In a statement the Port said: “The business has been shepherded through some challenging times, with the closure of Murco, but it has a strong balance sheet and is now more than ready to proceed with a phase of substantial investment and growth.”

Commenting on the resignation Chris Martin, Chairman of the Port, said: “Alec is a person of the highest integrity and is one of the Port’s and the region’s greatest advocates.  We have in front of us a fantastic opportunity to develop the Port’s position in some exciting new markets and this change gives us the opportunity to refresh and develop our skill sets to take the organisation forward into the next phase of its development.  For his part Alec has himself expressed the wish to seek new and fresh challenges.  I personally have greatly enjoyed working with him and we all wish him well for the future.”

Alec Don said in an official statement: “It has been nothing but a privilege and honour to work for the Port of Milford Haven and I most genuinely wish the Board and all colleagues at the Port every success going forward.  For my part I feel more than ready for a new challenge and look forward to the future with relish.”

The Port said they would not comment further on the development.

Alec Don has been the Chief Executive of the Port since 2010.

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Mount Estate: Man arrested after gas explosion threat

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Armed police: In the Mount Estate (pic. Herald)

ARMED POLICE have arrested a man on the Mount Estate in Milford Haven this afternoon (Oct 16) after responding to reports of a man who is threatening to set a fire using the gas supply in his flat.

The windows of the first floor flat, in Birch Mead, were smashed and a man was shouting to officers below threatening to cause an explosion.

Threatening: To cause an explosion (pic. Herald)

A Herald reporter at the scene had counted at least a dozen Dyfed-Powys Police vehicles, including vans and undercover cars.

Nearby residents have been evacuated and a cordon has been set up.

Emergency services: Gathered by the flat (pic. Herald)

Police asked residents and a Herald reporter at the scene to move back further after the arrival of the armed officers.

Mid & West Wales Fire and Rescue, as well as specialists from the gas board, are also at the scene.

Watching: Locals were evacuated (pic. Herald)

A large crowd has gathered by the cordon.

MORE TO FOLLOW.

Armed officers: Locals were asked to move back upon their arrival (pic. Herald)

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Work goes on for NRW in aftermath of storm

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AFTER a weekend of heavy rain and floods which hit South West Wales particularly hard, the clear up has begun.

For Natural Resources Wales officers this means inspecting flood defences and other assets to assess and repair any damage caused by the high river levels and volumes of water.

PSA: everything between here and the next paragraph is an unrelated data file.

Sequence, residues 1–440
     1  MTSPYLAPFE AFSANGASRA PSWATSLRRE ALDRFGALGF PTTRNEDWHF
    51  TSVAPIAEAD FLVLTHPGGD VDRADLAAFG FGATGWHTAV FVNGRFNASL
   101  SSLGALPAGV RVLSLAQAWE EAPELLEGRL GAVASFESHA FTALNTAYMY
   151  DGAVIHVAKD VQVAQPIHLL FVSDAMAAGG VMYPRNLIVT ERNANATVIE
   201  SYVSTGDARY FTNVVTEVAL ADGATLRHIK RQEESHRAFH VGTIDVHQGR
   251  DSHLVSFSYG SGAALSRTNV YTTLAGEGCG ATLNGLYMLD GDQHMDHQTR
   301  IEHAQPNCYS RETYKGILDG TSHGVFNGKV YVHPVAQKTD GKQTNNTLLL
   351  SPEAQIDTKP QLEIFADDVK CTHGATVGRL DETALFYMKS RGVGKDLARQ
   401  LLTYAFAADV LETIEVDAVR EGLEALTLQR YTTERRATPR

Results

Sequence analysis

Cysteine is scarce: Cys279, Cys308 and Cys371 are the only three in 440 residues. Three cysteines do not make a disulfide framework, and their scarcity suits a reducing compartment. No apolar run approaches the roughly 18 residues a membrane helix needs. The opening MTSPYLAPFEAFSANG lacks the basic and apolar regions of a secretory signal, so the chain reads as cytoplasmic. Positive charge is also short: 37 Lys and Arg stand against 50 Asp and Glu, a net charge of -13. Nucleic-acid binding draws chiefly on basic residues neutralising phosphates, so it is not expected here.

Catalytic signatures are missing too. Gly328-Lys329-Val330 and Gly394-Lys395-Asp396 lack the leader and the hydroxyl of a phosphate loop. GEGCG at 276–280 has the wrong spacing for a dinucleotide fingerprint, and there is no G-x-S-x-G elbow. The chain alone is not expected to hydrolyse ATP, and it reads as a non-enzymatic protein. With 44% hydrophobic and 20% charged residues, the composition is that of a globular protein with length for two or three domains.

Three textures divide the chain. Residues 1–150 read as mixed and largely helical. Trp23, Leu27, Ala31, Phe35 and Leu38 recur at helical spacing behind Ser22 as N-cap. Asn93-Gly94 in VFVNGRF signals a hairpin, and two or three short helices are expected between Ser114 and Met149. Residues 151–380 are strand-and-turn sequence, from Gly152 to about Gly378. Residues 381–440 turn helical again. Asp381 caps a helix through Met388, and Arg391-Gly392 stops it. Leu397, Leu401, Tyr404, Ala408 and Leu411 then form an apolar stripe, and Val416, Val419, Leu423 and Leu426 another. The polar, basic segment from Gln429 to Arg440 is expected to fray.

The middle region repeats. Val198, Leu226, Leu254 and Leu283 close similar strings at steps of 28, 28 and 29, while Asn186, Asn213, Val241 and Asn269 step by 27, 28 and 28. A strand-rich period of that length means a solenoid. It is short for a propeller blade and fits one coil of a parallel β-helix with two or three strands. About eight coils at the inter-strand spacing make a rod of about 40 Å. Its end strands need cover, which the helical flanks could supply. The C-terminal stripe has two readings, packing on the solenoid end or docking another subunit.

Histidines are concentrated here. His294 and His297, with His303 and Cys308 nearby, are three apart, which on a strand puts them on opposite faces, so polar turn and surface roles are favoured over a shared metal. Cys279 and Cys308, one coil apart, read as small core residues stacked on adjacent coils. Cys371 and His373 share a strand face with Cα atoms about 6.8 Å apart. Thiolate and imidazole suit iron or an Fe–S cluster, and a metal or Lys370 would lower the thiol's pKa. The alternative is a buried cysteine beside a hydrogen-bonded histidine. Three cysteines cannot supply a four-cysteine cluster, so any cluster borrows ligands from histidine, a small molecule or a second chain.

Jeremy Parr, NRW Head of Flood and Incident Risk Management said:

“Our sympathies go out to anybody impacted by these floods and Storm Callum, it is an unwelcome reminder of the damage that severe weather can do.

“While some communities were significantly affected, for many the flood defences did their job and reduced the worst of the impacts.

The weekend storm caused 80 properties to flood across south west Wales and led to major disruption of businesses and transport across the whole of the country.

The River Teifi at Llandysul reached its highest level since records began in 1971 and the Towey above Carmarthen was at its highest since 1987.

NRW officers were on duty around the clock ensuring defence structures were sound, operating flood gates, erecting temporary defences and clearing trash screens.

In Abergwili, in the Tywi Valley, the flood gates were closed and prevented flooding despite the water level rising to within 180mm of the top of the gate, just short of the evacuation trigger of 150mm.

More people than ever visited NRW’s website to check the latest flood warning information. Before and during Storm Callum NRW’s flood pages received more than half a million-page views, while warning and informing messages on social media reached over 110,000 people.

Jeremy added: “After any major flooding event there are lessons to be learned and Storm Callum is no exception, so we will review what took place and how we responded to identify where improvements can be made.

“As is usual after any flood event, we now have our people out and about checking our defences for any damage, and to ensure they can continue to help protect people and property.”

“We won’t just look at the flood defence network, but also at our incident response and our warning and informing before, during and after the incident.

“While there were significant impacts in some areas, the initial indications are that these elements worked well.

“We will be working with our partners in local government and the emergency services to ensure we continue where possible to reduce the impacts of incidents like this.”